“Take one day at a time” became the King family’s motto early on during Brittany’s pregnancy. After her water broke prematurely at only 24 weeks of pregnancy, Brittany and Cory knew they faced a difficult journey ahead. “I had just started a new job at Central High School,” Brittany says. “That only lasted three days before my water broke. I was admitted to the hospital for the rest of the month.”
The amniotic sac protects a growing baby in the womb. Preterm premature rupture of membranes (PPROM) occurs when the membranes of the sac rupture too early, before the 37th week of pregnancy, putting a woman and her baby at serious risk. After experiencing PPROM at 24 weeks into her pregnancy, Brittany stayed at Altru for close monitoring to prevent early labor. Thankfully, near the end of the month-long hospital stay, a test showed the amniotic sac had repaired itself. Brittany was cleared to return home.
An Unexpected Diagnosis
Brittany took life slower to stay healthy following her discharge. She left home only to drop her daughter off at daycare, pick up curbside grocery delivery and go to biweekly hospital visits to check on the baby. After one Thursday appointment, she began experiencing strange symptoms.
“I messaged my doctor to ask if body aches were a normal pregnancy side effect,” Brittany says. “They were progressively getting worse. The doctor said no, and she wanted me to take a COVID-19 test. A test was required for my upcoming scheduled C-section, but I went for a rapid test a few days earlier than planned.”
Three days later, Brittany started experiencing contractions and went into labor before her planned delivery. The same morning, she received a positive COVID-19 test result.
“We entered for delivery like any normal couple,” Cory says. “But they knew of Brittany’s diagnosis. We were greeted by the friendly faces of our care team, but our caregivers were gowned in full PPE, head to toe
Brittany and Cory joyously welcomed Thomson John, born a healthy 6 pounds and 13 ounces, into the world on Monday, Nov. 23. Though
Thomson was born a few weeks early, his parents were relieved he made it to 36 weeks and 1 day of pregnancy. While following COVID-19 protocols, the couple spent the first hours with Thomson, talking and laughing about what was to come with the new addition to the family, unaware that Brittany’s health was slowly declining.
Turn For The Worst
After the Kings spent some quality time with Thomson, he was admitted to the NICU for blood glucose level monitoring. Shortly after, Brittany’s symptoms began to worsen. Her temperature skyrocketed, and she began vomiting and struggling to breathe. By Thursday, Thanksgiving Day, Brittany was in critical condition and moved from her private room to the COVID-19 critical care unit. She only stayed there for 24 hours before being moved into theICU. Her oxygen levels continued to drop, and a CT scan revealed the infection had moved to her lungs. Brittany needed to lie flat on her stomach to get more oxygen, but lying face down was painful because of her C-section incision. Medications were not helping, and her providers ultimately made the decision to sedate her and put her on a ventilator.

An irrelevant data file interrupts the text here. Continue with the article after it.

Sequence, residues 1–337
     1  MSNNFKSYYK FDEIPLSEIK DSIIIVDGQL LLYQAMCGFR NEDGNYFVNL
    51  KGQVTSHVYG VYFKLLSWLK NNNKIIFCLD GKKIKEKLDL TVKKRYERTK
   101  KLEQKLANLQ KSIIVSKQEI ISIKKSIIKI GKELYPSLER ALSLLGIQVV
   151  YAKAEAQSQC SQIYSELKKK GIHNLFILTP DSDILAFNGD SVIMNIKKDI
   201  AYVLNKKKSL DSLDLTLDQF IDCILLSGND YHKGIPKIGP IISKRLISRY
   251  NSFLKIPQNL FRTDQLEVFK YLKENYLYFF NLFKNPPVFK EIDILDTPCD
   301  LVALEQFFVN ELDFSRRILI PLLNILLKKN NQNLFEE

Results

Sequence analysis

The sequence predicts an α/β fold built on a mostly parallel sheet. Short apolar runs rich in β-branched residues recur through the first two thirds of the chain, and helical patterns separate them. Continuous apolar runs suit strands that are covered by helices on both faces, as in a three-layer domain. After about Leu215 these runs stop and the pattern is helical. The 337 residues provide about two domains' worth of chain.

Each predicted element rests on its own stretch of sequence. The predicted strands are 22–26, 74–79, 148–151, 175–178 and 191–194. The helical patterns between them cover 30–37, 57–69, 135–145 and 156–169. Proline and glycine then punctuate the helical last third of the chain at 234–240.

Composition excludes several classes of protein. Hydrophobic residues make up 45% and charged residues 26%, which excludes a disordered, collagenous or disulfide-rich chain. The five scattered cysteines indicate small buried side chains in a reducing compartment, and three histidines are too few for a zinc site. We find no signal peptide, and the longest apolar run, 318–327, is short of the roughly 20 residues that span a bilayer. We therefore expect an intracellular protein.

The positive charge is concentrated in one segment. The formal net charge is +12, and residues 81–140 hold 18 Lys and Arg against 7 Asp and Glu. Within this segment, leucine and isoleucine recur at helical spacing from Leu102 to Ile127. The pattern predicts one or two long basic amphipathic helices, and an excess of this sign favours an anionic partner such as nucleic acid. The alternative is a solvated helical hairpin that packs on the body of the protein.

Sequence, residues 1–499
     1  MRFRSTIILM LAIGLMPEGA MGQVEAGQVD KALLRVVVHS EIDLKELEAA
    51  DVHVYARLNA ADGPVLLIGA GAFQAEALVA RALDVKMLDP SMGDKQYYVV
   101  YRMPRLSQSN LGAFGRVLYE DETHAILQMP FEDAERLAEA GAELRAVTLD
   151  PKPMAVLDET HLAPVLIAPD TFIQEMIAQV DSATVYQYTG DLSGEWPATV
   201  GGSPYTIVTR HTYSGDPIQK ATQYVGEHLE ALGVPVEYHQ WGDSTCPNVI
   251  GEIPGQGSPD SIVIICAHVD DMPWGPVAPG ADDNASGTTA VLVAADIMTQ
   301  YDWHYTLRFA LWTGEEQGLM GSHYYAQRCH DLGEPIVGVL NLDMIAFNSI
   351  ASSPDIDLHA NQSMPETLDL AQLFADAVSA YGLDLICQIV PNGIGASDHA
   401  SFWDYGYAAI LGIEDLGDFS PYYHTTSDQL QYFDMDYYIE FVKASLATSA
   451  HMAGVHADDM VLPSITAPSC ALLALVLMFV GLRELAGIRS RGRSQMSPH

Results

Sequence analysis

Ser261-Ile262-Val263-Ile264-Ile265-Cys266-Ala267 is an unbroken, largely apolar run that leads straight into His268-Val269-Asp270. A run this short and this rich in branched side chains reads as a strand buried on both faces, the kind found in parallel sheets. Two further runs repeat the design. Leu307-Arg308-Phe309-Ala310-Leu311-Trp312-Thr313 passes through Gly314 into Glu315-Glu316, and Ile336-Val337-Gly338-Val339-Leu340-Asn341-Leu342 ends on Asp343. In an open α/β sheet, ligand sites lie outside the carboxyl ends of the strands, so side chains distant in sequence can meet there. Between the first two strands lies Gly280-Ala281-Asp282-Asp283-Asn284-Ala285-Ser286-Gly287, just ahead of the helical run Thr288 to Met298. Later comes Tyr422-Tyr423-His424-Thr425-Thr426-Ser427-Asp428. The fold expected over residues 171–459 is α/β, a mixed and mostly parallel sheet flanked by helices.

“I went home alone on Thanksgiving day with Thomson,” Cory says. “That’s when I got the call they had moved her and she was no longer cognizant. We had a baby on Monday, and Brittany was fighting for her life in the ICU on Friday.” To make matters worse, Cory and their 3-year-old daughter, Suttyn, both received positive COVID-19 test results the day after Thomson was brought home. With Brittany hospitalized and Cory’s positive diagnosis, he made the smart but heartwrenching decision to move Thomson to Brittany’s parents’ home for a few weeks.
Every Day a Better Day
Brittany remained in a coma and on a ventilator for three days, during which time she also experienced a seizure. The doctors explained this wasn’t a setback, but only a bump in the road of her recovery. After her blood work and oxygen levels stabilized, they decided to wean her out of the coma and see how her body responded.
“We didn’t know what condition she would be in,” Cory says. “When people are on a ventilator, they lose their strength and sometimes need therapy. But when she woke up, she was adamant to get out of bed. It’s a miracle how quickly she recovered. We were able to go home three days after she woke up.”
After a long road of illness, fear and uncertainty, the family was reunited together with their new baby as the year came to a close. Now, everyone’s health is almost back to normal.
“I feel so much better,” Brittany says. “Sometimes I’m tired, which I’m unsure if that’s just having a newborn or a lingering symptom. I’m also having difficulty with my memory. I can’t remember most of my hospital stay. And I really hope that improves.” Cory and Suttyn recovered well, too, after experiencing milder COVID-19 symptoms.
Brittany and Cory are thankful for the support they received from the community and the hospital staff at Altru.
“I told them from the beginning: she isn’t just another COVID-19 patient—she is my world,” Cory says. “And they listened and took care
of her like they would one of their own. Our physician, Dr. Eickenbrock, was a godsend. She ran to collect things we had left in our car and held Brittany’s hand in the ICU when I couldn’t be there.”
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